the left side It is possible. Furthermore, it is possible to move in a vertical circle around the
listener or to make the sound source seem to come from any selected position in space. However,
some specific locations are more difficult to synthesize than others, some are considered to be
practical reasons, some because of mental hearing.
For example, the effect of a sound source moving up and down directly is greater at the listener's
side (90 ° azimuth) than at the front (0 ° azimuth). This is probably because there is more
information on the difference between left and right working on the brain. Similarly, it is difficult
to displace between the sound source directly in front of the listener (azimuth 0 °) and the
sound source just behind the listener (azimuth 180 °). This is because there is no temporal
control information acting on the brain (at ITD = 0) and the spectral data, which is other
information valid for the brain, is quite similar at both of these locations. In fact, the high
frequency (HF) energy perceived when the sound source is in front of the listener is high, and the
high frequencies from the front sound source are reflected from the back wall of the outer ear
into the ear canal, but from the rear sound source It can not be diffracted enough around the ear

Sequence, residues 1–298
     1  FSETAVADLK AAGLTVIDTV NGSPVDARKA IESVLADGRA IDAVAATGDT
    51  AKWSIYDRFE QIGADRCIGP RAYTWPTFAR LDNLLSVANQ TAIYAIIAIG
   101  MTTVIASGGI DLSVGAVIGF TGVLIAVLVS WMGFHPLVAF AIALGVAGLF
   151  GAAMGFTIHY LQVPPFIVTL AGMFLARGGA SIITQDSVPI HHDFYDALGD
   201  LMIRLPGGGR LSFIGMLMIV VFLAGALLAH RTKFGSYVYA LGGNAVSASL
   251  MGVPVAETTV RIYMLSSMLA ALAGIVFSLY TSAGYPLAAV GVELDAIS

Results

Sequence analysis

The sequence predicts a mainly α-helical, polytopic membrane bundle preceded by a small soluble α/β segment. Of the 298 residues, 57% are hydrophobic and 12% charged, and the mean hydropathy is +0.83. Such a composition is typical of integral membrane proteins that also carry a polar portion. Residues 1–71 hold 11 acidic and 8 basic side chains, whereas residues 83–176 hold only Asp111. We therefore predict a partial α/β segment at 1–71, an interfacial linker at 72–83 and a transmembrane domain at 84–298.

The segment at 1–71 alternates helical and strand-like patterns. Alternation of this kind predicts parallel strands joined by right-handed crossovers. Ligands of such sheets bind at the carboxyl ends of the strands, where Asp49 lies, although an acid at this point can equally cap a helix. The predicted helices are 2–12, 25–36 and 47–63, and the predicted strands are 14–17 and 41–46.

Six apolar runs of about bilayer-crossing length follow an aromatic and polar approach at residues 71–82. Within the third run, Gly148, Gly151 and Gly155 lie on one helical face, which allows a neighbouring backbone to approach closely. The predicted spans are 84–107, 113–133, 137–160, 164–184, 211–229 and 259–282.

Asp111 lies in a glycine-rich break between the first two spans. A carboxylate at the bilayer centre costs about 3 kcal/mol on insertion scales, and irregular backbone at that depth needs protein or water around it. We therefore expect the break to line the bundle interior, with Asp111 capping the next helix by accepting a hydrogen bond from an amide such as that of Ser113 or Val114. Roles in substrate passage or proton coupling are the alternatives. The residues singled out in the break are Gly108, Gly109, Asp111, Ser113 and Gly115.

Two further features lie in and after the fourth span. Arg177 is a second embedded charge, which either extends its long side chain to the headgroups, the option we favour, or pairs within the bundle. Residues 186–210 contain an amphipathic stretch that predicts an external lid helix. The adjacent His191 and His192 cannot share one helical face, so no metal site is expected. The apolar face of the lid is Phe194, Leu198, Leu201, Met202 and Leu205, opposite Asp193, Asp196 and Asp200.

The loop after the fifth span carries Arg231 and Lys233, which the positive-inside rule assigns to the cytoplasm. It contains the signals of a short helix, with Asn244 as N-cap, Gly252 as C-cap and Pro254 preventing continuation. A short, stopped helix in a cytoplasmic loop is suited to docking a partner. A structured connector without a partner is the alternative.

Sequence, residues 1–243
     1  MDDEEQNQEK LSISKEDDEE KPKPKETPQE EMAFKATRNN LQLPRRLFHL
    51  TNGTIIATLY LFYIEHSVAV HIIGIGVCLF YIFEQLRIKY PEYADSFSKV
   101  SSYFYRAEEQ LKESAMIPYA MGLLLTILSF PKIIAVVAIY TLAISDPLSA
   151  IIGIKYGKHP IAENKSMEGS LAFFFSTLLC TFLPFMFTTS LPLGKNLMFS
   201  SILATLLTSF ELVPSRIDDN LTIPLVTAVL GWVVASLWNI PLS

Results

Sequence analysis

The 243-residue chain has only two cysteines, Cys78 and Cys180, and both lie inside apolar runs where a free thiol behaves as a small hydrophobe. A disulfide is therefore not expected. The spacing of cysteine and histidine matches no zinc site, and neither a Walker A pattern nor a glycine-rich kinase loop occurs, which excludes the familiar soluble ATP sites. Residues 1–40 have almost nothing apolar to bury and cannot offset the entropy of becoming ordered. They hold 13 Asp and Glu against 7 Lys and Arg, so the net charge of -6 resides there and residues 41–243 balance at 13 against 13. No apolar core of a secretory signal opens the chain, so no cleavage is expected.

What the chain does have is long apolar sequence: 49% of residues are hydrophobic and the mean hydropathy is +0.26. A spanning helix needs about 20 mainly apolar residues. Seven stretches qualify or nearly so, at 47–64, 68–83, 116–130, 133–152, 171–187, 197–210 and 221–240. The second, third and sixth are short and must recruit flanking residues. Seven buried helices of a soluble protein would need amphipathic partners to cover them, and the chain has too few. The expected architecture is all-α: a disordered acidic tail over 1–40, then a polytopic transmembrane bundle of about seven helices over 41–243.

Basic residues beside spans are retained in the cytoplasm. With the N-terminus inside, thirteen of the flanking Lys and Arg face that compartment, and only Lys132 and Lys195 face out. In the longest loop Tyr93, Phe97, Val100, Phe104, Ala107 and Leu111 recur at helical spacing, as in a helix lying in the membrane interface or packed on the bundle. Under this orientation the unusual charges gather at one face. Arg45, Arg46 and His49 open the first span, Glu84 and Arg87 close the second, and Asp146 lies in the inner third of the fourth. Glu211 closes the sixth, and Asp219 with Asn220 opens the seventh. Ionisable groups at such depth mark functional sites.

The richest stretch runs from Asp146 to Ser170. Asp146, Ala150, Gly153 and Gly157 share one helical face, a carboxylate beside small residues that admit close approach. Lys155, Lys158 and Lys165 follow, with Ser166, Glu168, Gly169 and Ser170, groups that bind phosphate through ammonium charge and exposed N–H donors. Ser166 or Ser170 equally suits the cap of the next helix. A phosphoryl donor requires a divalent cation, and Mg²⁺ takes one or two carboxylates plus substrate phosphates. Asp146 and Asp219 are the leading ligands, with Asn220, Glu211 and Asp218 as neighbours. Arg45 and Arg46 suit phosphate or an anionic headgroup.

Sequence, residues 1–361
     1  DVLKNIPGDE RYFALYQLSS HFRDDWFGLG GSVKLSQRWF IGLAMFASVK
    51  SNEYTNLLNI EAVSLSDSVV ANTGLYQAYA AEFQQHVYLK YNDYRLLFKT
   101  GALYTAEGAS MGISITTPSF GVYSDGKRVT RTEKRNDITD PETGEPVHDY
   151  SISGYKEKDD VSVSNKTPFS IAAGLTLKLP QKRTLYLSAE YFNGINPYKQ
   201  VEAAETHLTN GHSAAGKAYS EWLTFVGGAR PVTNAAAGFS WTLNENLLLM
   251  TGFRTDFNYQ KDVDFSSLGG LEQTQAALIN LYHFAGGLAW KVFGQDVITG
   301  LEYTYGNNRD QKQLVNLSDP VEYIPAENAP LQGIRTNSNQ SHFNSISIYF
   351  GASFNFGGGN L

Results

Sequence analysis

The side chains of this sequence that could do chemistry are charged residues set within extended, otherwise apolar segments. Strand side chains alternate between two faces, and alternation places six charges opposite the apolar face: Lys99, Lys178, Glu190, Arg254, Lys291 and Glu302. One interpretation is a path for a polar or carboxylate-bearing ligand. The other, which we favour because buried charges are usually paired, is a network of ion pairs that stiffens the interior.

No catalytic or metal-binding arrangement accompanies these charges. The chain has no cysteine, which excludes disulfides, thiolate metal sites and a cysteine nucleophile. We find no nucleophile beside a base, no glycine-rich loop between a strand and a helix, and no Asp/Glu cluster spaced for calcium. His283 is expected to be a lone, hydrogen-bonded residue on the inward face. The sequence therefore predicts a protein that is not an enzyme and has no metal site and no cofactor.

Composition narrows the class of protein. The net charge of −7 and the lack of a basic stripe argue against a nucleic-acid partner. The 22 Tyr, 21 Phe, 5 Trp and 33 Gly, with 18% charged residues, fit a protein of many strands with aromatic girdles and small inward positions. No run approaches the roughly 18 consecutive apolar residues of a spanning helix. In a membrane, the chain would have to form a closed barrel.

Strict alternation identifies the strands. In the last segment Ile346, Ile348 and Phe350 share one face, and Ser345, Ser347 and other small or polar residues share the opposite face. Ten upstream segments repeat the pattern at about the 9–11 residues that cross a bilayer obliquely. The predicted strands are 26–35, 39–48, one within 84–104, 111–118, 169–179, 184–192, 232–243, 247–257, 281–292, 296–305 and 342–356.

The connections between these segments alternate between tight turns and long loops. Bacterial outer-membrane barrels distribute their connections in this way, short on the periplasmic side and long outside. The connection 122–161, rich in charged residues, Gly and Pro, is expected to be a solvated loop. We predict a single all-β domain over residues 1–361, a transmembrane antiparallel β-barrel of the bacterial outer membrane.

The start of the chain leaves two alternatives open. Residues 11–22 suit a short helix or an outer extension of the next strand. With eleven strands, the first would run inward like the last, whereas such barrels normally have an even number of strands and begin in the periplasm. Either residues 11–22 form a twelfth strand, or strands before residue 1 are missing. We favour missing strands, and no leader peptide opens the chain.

wing. In fact, the limiting feature in the reproduction of three-dimensional sound from two
loudspeakers is transaural crosstalk cancellation, and there are three main factors:
1. HRTF quality. The quality of the 30 ° HRTF (of FIG. 3) from which the cancellation
algorithm (of FIG. 4) is derived is important. Both the artificial head that derives them and the
methodology of measurement must be appropriate. 2. Signal processing algorithm. The
algorithm must be implemented effectively.
3. HF effect. In theory, "perfect" crosstalk cancellation can be performed but not in practice.
Apart from the differences between the individual listeners and the artificial head that derives the
algorithm HRTF, the difficulty relates to high frequency components above a few kHz. The
crosstalk wave and the cancellation wave mix to form a node when optimal cancellation is
arranged to occur at each ear of the listener. However, when the node is only at a single point in
space, and one moves further away from the node, the two signals are no longer timed relative to
each other, and the cancellation is incomplete. Because of the misalignment, the signals can
actually be mixed to produce a composite signal, which at some frequencies will be larger than
the original, which itself is an undesirable crosstalk. However, in practice, the head acts as an
effective barrier to higher frequencies because of its relative size to the frequency in question,
transversal auditory crosstalk is naturally limited, and the problem is not as severe as expected.
Several attempts have been made to limit the spatial dependence of crosstalk cancellation
systems at these higher frequencies. Cooper and Bauck (US Pat. No. 4,893,342) introduce a high
frequency cut filter into the crosstalk cancellation configuration to ensure that the HF component
(> 8 kHz or such) is not actually canceled at all (but not offset). It was only sent directly to the
speakers as in the stereo. The problem with this is that the brain perceives the location of the HF
sound (i.e. the placed sound) is at the location of the loudspeaker itself, as both ears listen to the